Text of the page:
Allegations that religious education in public schools is leading to bullying and potential grooming have been slammed by the country's largest provider.
The Churches Education Commission is outraged by claims made by secular education campaigners who've taken their message to the school gate in an effort to have the classes stopped altogether.
The Secular Education Network is handing out leaflets which claim children are being ostracised or bullied if they opt out of the weekly lessons, and if they attend.
Tanya Jacob of the Secular Education Network said there are "really quite serious concerns, even concerns about potential for grooming, keeping secrets with children that they're not allowed to go home and tell their parents".
Asked is it scaremongering to use the word grooming, she said: "I think it's accurate, whether it's religious grooming or potential for other sorts of grooming."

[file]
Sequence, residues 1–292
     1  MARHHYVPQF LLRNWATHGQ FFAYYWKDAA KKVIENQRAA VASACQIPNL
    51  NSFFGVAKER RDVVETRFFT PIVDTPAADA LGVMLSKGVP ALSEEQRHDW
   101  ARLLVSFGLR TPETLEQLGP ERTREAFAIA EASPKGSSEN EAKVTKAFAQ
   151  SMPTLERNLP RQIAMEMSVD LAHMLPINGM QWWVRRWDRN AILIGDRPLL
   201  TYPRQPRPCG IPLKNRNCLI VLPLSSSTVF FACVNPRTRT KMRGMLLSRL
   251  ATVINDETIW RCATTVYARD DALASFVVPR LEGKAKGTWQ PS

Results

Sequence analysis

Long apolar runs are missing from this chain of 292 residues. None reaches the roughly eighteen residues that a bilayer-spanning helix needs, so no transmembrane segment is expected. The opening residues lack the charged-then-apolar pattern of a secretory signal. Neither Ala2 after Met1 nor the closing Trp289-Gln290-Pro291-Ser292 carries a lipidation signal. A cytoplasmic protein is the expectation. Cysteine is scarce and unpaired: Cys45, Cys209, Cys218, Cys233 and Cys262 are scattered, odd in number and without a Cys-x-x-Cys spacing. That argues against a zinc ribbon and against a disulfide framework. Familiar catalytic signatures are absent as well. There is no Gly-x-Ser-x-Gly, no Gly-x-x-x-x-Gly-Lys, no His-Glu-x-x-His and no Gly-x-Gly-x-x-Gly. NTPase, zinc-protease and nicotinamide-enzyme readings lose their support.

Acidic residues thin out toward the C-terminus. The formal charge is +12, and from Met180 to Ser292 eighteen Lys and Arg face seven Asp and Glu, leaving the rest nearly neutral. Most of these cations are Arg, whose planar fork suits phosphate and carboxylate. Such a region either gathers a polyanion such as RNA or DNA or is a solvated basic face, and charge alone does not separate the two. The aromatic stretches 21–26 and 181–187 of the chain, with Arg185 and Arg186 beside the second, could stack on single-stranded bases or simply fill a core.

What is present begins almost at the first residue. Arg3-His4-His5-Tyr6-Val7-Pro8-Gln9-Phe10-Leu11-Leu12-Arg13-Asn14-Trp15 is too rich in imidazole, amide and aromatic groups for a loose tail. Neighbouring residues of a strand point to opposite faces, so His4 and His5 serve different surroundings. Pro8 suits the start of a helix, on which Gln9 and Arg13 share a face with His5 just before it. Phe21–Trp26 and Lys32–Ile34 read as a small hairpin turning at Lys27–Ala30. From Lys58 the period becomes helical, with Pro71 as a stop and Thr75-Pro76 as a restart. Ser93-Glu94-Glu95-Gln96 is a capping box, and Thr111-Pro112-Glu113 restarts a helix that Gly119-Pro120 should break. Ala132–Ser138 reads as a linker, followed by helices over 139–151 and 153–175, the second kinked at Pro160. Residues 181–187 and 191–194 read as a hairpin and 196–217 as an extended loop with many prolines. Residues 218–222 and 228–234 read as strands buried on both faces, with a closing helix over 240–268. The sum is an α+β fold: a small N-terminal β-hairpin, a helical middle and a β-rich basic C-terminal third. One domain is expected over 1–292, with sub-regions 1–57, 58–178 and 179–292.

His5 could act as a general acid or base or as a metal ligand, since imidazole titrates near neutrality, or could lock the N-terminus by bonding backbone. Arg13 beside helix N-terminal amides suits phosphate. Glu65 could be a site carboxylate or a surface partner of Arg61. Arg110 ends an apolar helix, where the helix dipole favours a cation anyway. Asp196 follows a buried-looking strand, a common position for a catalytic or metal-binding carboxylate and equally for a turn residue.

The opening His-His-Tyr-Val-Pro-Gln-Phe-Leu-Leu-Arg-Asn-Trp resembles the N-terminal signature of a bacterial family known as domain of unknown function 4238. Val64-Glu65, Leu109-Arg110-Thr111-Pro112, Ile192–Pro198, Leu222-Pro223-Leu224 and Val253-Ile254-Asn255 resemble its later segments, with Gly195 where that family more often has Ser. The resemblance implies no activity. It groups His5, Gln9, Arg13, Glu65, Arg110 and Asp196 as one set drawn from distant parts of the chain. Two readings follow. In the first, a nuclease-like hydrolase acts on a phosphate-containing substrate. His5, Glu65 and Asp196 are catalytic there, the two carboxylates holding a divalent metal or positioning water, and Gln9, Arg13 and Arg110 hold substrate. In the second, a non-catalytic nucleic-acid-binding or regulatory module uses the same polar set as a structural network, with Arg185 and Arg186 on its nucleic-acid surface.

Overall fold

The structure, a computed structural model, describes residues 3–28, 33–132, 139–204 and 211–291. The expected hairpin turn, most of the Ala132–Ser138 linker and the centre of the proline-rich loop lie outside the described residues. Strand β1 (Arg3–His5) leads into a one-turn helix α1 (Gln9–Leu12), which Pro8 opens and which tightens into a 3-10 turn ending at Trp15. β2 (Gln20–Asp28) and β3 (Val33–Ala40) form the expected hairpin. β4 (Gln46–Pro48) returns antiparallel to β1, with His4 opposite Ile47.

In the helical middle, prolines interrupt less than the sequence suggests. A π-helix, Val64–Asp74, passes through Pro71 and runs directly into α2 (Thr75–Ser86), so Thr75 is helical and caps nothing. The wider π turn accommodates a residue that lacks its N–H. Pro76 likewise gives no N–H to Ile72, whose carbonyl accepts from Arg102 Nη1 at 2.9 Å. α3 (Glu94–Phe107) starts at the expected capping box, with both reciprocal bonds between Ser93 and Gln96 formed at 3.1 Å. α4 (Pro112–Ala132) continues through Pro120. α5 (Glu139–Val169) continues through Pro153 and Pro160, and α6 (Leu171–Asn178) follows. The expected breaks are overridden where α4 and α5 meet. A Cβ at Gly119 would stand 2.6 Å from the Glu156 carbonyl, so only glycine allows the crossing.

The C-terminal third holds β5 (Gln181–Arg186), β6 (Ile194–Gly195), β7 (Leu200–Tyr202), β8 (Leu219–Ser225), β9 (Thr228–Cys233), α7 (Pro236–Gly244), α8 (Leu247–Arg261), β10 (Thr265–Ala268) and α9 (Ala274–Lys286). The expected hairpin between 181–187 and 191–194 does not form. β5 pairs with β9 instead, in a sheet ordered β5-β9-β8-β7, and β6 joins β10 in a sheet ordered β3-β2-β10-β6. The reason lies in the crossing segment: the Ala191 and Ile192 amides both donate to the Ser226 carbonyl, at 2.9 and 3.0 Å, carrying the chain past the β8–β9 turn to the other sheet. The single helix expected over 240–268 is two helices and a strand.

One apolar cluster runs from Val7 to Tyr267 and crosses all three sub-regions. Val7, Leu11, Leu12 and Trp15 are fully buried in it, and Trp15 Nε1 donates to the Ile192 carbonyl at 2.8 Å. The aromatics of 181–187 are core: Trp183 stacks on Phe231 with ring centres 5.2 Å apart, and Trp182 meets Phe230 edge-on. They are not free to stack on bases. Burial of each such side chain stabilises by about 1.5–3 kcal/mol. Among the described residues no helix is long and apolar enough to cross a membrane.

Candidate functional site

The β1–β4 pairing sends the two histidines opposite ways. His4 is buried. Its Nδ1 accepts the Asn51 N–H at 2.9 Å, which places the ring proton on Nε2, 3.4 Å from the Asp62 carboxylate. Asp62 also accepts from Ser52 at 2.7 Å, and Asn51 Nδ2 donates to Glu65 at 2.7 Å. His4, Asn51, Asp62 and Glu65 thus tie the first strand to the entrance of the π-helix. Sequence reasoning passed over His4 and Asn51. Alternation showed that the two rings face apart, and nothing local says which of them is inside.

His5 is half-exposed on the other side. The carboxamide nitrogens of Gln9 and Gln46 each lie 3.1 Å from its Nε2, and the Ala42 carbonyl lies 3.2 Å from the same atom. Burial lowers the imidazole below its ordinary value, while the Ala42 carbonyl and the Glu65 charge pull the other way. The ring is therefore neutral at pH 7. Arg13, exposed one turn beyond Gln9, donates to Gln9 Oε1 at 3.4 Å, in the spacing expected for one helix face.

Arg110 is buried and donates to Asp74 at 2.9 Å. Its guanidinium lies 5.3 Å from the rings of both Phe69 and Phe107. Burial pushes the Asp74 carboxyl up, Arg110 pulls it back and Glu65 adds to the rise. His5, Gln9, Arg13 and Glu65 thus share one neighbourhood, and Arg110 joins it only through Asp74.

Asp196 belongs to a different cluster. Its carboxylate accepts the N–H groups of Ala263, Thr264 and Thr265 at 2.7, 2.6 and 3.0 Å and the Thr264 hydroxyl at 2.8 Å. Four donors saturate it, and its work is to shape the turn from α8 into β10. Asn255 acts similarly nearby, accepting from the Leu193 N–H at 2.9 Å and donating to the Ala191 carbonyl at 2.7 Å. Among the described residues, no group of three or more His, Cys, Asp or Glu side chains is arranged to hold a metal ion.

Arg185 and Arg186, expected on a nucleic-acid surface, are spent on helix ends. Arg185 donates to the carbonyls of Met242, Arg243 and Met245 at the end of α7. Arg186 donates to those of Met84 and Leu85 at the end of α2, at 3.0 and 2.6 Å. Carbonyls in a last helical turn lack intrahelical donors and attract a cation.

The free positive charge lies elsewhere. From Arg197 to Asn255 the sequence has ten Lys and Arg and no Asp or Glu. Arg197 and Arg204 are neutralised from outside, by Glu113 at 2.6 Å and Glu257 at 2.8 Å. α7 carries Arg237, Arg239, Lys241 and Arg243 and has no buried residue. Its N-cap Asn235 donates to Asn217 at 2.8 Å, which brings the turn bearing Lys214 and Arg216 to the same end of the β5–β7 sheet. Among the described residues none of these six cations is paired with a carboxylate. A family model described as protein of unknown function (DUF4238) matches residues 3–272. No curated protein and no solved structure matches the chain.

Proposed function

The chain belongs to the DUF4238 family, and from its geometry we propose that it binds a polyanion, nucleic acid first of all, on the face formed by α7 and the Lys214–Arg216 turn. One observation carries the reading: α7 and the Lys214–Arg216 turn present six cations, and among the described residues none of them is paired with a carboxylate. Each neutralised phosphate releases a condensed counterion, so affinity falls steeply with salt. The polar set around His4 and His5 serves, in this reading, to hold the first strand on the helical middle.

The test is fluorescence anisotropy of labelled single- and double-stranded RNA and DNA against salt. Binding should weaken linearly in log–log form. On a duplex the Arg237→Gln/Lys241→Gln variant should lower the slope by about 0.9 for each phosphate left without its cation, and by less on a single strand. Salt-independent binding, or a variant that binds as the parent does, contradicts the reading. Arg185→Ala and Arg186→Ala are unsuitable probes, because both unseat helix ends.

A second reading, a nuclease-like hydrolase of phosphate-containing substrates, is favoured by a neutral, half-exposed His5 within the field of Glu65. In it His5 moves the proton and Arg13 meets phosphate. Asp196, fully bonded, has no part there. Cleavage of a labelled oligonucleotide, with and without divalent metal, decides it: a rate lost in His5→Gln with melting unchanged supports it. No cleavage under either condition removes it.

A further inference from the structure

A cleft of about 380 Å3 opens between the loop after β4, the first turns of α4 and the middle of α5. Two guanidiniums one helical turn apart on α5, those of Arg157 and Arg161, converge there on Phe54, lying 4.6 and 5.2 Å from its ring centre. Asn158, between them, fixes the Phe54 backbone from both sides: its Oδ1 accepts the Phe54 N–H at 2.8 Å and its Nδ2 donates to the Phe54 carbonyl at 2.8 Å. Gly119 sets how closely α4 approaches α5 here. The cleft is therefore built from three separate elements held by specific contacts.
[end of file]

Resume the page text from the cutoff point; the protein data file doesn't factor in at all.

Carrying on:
The Churches Education Commission teaches in around 600 schools and says its lessons focus on Bible stories and teaching life values.
Abbey Reeve of the commission said Ms Jacob is "really inflaming stuff that parents would be very scared about. But it's not true, there is none of this keeping of secrets, there's none of this hiding stuff".
Ms Reeve says the focus of the Secular Education Network criticism is around a teaching model that was abandoned in New Zealand eight years ago.
"It is scaremongering. It is not truthful and it is not the correct view of what happens in our lessons in New Zealand."
Handing out the pamphlets isn't just a one-off. The secular education campaigners plan to be outside Christchurch schools two or three days a week to get their message out there.
But with a waiting list of schools wanting religious courses, providers say the protesters are well and truly in the minority.